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(Archived) OCR labeling to make it easily searchable later

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I'm a teacher and I want to track student work by taking photos of it, then later be able to search for the their work again. I'm thinking that I could stick a 'label' (with a unique code for each student) on each of page of work they turn in to make searching easier later on. 


So for example.. the students have all just finished taking a test. I tell them to place their label on each page of their work. They turn the documents into me. I take a photo of each page. I upload to Evernote on all one note (to make the process faster) and I'll name the note something like "Test 001".


I'll then download all the images to my computer (using 'export attachments'), batch convert to PDF (so I can edit them using GoodReader), then place all the PDFs back on Evernote. Now when I want to search for work related to a certain student, I just type in their 'code' and all their work should pop up.


I'm just curious if anyone had any thoughts on that workflow? 

Also, in terms of creating a unique code for each student, any recommendations? (ie. avoid using dashes .. A1-001John, etc.)


The bottom line: I want to track their work using images converted to PDFs, and I don't want to have to 'type any text' and still be able to find their work. (BTW, the label is because I'll be dealing with young students who may not always write their name clearly. Also, they might not write it dark enough for Evernote with their pencils.)





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  • Level 5*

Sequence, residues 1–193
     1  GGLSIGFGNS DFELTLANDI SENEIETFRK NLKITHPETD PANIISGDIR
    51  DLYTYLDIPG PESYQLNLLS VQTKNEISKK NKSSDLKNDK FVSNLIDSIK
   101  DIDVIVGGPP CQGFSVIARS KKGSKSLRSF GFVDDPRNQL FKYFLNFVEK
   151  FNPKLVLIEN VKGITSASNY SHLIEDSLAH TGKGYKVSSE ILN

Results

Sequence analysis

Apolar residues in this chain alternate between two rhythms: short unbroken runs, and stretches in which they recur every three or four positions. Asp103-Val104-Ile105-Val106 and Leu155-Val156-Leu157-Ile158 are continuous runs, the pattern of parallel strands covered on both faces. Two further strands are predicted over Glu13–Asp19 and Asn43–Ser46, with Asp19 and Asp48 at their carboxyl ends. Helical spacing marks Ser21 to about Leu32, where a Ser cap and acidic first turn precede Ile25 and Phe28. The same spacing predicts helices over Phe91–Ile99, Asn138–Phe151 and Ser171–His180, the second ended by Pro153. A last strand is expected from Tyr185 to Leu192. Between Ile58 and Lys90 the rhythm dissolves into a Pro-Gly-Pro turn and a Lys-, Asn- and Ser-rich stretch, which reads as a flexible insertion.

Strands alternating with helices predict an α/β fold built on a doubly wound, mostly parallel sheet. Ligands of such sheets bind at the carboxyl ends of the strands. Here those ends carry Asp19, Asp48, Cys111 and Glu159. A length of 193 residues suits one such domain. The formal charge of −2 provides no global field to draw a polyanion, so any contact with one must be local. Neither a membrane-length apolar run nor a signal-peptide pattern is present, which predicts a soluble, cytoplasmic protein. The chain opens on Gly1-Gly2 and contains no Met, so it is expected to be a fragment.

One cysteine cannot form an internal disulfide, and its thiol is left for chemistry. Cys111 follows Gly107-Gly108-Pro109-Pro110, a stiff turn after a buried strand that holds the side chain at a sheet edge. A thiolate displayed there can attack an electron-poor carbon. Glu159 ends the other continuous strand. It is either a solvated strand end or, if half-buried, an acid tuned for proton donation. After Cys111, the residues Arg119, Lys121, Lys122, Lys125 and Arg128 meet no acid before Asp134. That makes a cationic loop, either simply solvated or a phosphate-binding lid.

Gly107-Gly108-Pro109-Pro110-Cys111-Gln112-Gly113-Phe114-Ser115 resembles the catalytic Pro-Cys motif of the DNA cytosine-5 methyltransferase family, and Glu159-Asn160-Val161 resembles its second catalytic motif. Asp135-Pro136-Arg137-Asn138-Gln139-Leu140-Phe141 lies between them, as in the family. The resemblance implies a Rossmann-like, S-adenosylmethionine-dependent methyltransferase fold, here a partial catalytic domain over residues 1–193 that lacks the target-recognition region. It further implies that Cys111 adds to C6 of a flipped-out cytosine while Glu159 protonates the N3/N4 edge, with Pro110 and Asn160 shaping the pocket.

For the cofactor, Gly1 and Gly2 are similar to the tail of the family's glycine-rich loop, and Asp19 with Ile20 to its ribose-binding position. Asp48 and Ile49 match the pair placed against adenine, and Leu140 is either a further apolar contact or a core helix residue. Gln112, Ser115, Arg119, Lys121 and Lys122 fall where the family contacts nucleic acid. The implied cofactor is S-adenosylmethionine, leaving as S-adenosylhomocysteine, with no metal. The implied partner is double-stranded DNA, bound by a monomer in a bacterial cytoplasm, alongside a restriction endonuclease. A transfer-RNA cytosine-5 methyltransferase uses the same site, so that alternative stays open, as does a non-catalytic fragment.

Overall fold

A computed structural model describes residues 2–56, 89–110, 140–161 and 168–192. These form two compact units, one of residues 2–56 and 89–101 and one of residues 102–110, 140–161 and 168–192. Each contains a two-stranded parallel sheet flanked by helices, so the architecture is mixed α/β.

Well, I would start by buying a good scanner (like ScanSnap) to scan each document directly into Evernote as a PDF.  One Note per student document.

If you apply a printed label on the first page of each document, you will be able to find the note/document by searching for the text of this label.


As you bring up each note/document to review, you can easily change the Note Title, and ADD tags to identify the student, subject, doc type, etc.


You will save a huge amount of time by starting the process with scanning rather than taking a photo of each page.

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  • Level 5*

If your students have a unique word or number that will identify them,  and one which they all know,  you could ask them to write it on the sheets - in fact you probably should ask them to write it on the sheet immediately they receive it and before doing any other work.  Otherwise you're going to have to tag each picture or scan with the name / number / unique ID of each student as you scan it.  If you are scanning,  that's easier - you can scan to folder,  and (with ScanSnap at least) the process will pause to ask you for a file name.  So add the student's name etc and you're done.  Searches later for "intitle:Gaz" will find all my results,  and sorting them by creation date will give you a timeline of completed tests.

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  • Level 5*

Thanks to @JMichael and @gazumped. Now I'm really tempted to get a scanner!


You're welcome!  That's what this community is for.


Please let us know what you decided to do, and how that is working for you.

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1. Before buying a scanner, be sure that everything will be "scannable" - e.g. I'm thinking of artworks, which can be quite large, or sculptures, or dioramas, or woodwork, or other things that kids do in school that may be photographable but not scannable.


2. You might consider removing Evernote from the middle of the process - you are using it essentially for transferring files from your camera to your computer. The problem with this is that you will be needlessly using up some of your precious upload quota. In a similar situation, I use the Android app "CamScanner" to make images of documents and then save to my Dropbox account (there is no upload quota with Dropbox). Then on my computer, my OCR/PDF software reads the images from the Dropbox folder and saves the output PDF files to my "automatically upload to Evernote" directory.


3. I'm not sure that I would use codes for the students, it would mean you need to maintain a database mapping the codes to the students. Is there some reason you couldn't just use their full names?

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